We need to change the narrative of counter-terrorism in the UK, but a narrative is not changed by a new title. Just as a rose by any other name would smell as sweet, a bad policy by any other name is still a bad policy. While the Home Affairs Select Committee concern about Prevent is welcomed, real action is needed. This will involve actually engaging with the Muslim community, listening to their concerns and not dismissing them as misunderstandings. It will require serious investigation of the damages caused by new Prevent statutory duty, something which the report does acknowledge as a concern.  Finally, real action on Prevent in particular, but extremism in general, will require developing a wide-ranging counter-extremism strategy that directly engages with far-right extremism. This has been notably absent from today’s report, even though far-right extremism is on the rise. After all, far-right extremists make up half of all counter-radicalization referrals in Yorkshire, and 30 per cent of the caseload in the east Midlands.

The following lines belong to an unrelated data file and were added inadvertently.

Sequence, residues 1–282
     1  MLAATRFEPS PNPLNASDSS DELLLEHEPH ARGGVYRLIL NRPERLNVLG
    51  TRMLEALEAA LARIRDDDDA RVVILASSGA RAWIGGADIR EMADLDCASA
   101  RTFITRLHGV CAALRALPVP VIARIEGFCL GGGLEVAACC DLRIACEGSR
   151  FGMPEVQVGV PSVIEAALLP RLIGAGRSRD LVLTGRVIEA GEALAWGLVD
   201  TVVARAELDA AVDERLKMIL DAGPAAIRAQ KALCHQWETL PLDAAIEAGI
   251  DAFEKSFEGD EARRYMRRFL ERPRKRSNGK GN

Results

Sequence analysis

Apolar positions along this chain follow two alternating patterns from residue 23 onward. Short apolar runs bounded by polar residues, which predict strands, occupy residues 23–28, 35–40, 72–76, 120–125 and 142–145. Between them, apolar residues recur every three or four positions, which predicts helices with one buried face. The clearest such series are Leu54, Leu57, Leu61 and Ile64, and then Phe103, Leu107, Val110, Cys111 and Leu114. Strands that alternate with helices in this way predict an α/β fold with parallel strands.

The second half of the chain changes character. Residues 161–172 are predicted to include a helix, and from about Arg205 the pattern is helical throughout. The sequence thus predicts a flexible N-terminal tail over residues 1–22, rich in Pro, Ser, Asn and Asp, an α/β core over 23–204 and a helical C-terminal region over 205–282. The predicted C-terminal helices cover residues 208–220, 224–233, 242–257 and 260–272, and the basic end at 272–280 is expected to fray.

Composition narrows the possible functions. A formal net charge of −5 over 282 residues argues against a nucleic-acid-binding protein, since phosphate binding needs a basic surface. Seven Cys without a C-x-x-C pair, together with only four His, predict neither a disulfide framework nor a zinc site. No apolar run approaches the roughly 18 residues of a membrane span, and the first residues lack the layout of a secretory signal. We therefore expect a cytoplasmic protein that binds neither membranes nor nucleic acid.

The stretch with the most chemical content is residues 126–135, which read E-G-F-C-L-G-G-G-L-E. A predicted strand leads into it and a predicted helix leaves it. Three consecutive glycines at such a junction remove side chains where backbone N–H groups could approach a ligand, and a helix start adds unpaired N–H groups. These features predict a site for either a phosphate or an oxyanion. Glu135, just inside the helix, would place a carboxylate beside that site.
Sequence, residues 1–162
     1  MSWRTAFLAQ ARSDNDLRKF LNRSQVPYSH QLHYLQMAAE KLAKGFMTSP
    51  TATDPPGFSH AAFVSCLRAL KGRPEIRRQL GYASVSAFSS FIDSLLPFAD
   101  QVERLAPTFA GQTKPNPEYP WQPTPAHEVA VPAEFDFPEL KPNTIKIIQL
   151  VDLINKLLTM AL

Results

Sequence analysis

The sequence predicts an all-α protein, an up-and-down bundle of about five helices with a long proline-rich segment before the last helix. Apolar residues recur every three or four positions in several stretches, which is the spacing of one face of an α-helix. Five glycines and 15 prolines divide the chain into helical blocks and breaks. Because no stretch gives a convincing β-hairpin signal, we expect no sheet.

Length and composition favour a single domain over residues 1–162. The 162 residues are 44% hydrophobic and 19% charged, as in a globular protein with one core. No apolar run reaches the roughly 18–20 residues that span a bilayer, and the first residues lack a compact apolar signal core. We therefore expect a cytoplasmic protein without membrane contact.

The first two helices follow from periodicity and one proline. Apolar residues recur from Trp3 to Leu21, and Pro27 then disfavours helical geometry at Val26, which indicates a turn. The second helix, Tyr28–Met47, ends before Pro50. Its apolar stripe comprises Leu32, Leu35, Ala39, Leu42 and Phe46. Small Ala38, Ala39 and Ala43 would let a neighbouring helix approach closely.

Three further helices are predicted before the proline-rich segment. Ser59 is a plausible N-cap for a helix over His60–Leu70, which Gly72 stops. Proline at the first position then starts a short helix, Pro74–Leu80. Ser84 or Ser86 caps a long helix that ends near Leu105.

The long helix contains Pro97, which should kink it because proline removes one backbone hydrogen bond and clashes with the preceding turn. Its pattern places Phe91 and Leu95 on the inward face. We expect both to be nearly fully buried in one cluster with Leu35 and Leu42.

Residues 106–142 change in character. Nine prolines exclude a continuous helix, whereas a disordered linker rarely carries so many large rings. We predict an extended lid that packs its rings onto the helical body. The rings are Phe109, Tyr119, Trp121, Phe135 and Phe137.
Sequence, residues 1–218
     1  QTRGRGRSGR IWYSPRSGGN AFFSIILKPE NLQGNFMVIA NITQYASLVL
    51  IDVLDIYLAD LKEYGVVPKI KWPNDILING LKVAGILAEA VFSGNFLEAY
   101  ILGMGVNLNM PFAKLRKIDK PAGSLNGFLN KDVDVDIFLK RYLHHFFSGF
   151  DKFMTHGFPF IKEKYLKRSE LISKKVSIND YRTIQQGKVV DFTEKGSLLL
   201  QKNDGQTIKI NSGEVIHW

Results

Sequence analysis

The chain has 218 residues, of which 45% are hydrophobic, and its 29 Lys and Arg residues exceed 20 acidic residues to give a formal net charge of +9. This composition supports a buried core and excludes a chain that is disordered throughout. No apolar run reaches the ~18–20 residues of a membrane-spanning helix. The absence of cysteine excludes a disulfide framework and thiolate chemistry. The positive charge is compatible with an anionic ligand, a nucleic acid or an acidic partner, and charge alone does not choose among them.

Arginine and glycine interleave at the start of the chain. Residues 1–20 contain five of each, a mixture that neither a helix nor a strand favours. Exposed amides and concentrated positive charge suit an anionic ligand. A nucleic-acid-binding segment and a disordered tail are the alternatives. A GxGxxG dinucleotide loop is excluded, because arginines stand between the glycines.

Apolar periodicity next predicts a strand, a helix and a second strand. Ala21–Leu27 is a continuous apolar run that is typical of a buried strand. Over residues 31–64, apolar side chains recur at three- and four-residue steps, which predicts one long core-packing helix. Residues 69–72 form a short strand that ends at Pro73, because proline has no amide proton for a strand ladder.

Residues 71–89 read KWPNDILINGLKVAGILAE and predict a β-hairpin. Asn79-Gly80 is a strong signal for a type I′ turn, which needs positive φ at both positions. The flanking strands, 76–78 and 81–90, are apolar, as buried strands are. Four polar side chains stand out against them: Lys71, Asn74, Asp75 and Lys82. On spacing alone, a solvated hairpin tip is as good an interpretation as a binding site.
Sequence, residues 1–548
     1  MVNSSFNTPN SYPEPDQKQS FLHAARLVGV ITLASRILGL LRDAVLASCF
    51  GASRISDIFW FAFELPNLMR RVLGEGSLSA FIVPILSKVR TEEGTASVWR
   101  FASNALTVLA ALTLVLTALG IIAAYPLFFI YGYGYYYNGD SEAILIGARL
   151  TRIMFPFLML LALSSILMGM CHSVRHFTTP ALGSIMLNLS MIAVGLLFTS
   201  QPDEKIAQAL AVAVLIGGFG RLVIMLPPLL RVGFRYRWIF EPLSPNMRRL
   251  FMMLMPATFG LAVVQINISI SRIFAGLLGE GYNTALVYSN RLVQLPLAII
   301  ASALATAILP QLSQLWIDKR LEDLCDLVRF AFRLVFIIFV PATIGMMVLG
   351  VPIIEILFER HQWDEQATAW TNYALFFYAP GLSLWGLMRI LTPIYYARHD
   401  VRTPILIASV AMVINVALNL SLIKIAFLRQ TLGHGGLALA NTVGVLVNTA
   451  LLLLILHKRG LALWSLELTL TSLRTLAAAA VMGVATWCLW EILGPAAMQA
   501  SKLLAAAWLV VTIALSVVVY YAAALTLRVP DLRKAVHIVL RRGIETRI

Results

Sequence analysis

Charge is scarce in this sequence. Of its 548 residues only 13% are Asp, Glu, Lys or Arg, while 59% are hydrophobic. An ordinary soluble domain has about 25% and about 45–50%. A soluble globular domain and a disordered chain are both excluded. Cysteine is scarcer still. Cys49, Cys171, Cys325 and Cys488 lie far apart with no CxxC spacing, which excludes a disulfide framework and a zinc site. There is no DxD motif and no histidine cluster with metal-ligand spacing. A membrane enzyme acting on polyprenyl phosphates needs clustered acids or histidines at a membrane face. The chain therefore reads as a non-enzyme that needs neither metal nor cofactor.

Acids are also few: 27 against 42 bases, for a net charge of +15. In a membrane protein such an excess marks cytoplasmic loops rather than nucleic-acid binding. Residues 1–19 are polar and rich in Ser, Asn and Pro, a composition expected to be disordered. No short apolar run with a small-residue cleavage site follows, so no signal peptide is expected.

It will also require changing the way we think about those who are radicalized. The Aarhus model proves that such a change is possible. Radicalization is indeed a real problem, one imagines it will be even more so considering the country’s flagship counter-radicalization strategy remains problematic and ineffective. In the end, Prevent may be renamed a thousand times, but unless real effort is put in actually changing the strategy, it will remain toxic. 

Dr Maria Norris works at London School of Economics and Political Science. She tweets as @MariaWNorris.